By Rita Wilkins
The Downsizing Designer

As more and more Americans are choosing to downsize and live in smaller, more manageable home, they are often confronted with how to let go of the furniture, artwork, and accessories that they have been using in their larger homes.

As a designer who once owned a big home myself, filled with beautiful things that I had collected over many years, I understand the painful process of letting go, as well as the difficult task of choosing fewer items that you want to take with you. But having experienced the downsizing process myself, now living in a much smaller space, I want to share with you my top 5 practical design tips that will help you let go of pieces you won’t have room for and to select pieces that will fit well into your new smaller space.

The goal is to not overwhelm your new smaller space.

Three of the greatest mistakes people make when downsizing:

  1. They bring too much stuff to their new smaller home.
  2. They overcrowd and clutter the small space which defeats the purpose of downsizing and living a simpler life with less.
  3. They bring pieces that are too big in scale for the smaller space.

All of these result in having to downsize again (double downsize) which causes them to spend more time, more money, and more energy. This causes unnecessary stress.


5 Top Practical Design Tips to Maximize Your

Smaller Space

 (So You Can Enjoy It More)


  1. Know that less is more.

In a smaller space, fewer well selected and coordinated items are definitely better than trying to cram too much into your smaller space. Remember you can always add more at a  later date.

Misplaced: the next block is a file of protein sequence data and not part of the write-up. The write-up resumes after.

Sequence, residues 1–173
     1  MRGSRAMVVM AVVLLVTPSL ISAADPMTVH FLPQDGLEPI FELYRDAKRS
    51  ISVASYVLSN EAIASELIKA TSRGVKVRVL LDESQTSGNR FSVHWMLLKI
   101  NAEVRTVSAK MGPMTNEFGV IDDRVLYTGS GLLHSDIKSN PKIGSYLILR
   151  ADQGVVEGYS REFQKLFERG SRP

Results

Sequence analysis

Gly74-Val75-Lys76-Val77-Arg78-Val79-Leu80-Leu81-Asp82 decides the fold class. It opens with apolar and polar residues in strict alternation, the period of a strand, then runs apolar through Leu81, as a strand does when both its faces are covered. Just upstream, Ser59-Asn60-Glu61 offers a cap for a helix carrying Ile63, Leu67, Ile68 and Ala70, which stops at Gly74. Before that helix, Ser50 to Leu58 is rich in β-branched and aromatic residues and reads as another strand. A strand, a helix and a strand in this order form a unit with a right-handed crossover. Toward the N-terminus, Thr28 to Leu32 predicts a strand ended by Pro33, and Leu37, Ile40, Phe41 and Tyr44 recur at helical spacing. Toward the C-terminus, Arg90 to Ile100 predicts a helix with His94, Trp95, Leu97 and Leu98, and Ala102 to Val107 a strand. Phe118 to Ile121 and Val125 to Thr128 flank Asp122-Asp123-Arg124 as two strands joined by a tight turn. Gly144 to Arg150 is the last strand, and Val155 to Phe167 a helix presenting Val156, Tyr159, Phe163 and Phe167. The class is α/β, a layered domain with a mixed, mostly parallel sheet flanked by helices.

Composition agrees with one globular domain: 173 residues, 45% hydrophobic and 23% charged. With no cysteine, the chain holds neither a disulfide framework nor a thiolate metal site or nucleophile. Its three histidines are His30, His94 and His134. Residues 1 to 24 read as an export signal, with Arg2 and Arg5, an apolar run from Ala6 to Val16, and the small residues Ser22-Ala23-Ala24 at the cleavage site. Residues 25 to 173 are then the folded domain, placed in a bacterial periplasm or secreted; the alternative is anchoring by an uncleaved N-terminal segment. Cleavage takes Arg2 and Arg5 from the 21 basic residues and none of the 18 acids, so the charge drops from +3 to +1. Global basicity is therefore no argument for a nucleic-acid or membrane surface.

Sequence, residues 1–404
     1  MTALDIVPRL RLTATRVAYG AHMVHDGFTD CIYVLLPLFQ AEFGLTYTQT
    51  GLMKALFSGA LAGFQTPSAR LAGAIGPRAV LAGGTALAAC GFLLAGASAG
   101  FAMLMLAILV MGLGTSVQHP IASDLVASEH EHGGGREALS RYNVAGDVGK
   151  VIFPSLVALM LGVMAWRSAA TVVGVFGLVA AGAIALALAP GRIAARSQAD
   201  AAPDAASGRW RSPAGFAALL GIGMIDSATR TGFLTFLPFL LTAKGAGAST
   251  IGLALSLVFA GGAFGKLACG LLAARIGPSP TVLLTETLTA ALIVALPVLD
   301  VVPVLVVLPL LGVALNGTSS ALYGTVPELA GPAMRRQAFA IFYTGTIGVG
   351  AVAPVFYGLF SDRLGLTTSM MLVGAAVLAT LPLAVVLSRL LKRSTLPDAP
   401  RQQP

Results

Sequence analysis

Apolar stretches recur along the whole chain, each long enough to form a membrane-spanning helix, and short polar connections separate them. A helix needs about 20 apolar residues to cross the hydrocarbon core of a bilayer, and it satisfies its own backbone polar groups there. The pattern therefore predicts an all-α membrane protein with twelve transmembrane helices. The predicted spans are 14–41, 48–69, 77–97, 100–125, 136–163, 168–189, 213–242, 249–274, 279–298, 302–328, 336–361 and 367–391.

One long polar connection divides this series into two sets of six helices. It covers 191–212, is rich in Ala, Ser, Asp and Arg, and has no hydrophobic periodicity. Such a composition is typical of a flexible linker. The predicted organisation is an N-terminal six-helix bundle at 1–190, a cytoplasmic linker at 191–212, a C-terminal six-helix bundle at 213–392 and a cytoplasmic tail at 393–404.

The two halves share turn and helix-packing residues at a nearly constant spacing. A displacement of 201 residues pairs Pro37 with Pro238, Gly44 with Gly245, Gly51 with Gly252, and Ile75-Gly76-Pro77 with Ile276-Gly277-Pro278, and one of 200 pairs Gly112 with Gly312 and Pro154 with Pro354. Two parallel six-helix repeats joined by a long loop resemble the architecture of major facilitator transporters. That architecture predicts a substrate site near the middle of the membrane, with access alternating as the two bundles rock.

1. Believe in your floor plan.

Be clear about just how much space you will have. Create a dimensioned floor plan of your smaller space so that you can count on it when you scale in the pieces that you would like to take. This will assure you that it will fit.

Need design assistance with your floor plan?

Click here or contact me with your question, Click here.

  1. Create your “A list”.

Clearly identify the pieces you would like to take with you on your “A list”. Measure and scale them into your floor plan. If they are too big, remove them from your “A list”.

  1. Make your new home “work” for you.

Know how you want each room to function. In small spaces, each area should be flexible enough to accommodate multiple needs so that it works for you and your lifestyle.

  1. Take only what you love.

Surround yourself with only pieces that you love. When living in a smaller place, everything shows up differently. Why not surround yourself with pieces that you not only enjoy looking at, but they also serve a purpose, and they each matter to you?

Living with less space and less stuff is life-changing. It opens your eyes to understanding just how little you actually need. Downsizing to a smaller home gives you an opportunity to prioritize experiences rather than your possessions.

Living with less creates space for you to live more.

Bottom line:

At the heart of designing a smaller home…

  1. It’s about letting go of what doesn’t work.
  2. It’s about intentionally paring down to only the things you want, need, and will use.
  3. It’s about making room for a simpler, less cluttered life so that you can have more time, money, and freedom to experience your life on a whole new level.




If you would like assistance with your downsizing project, I do offer an online or a local in-home design consultation service. Contact me at

Get my free download “The ABC’s of Downsizing”, Click here. 

Ask me any questions in the comment section below.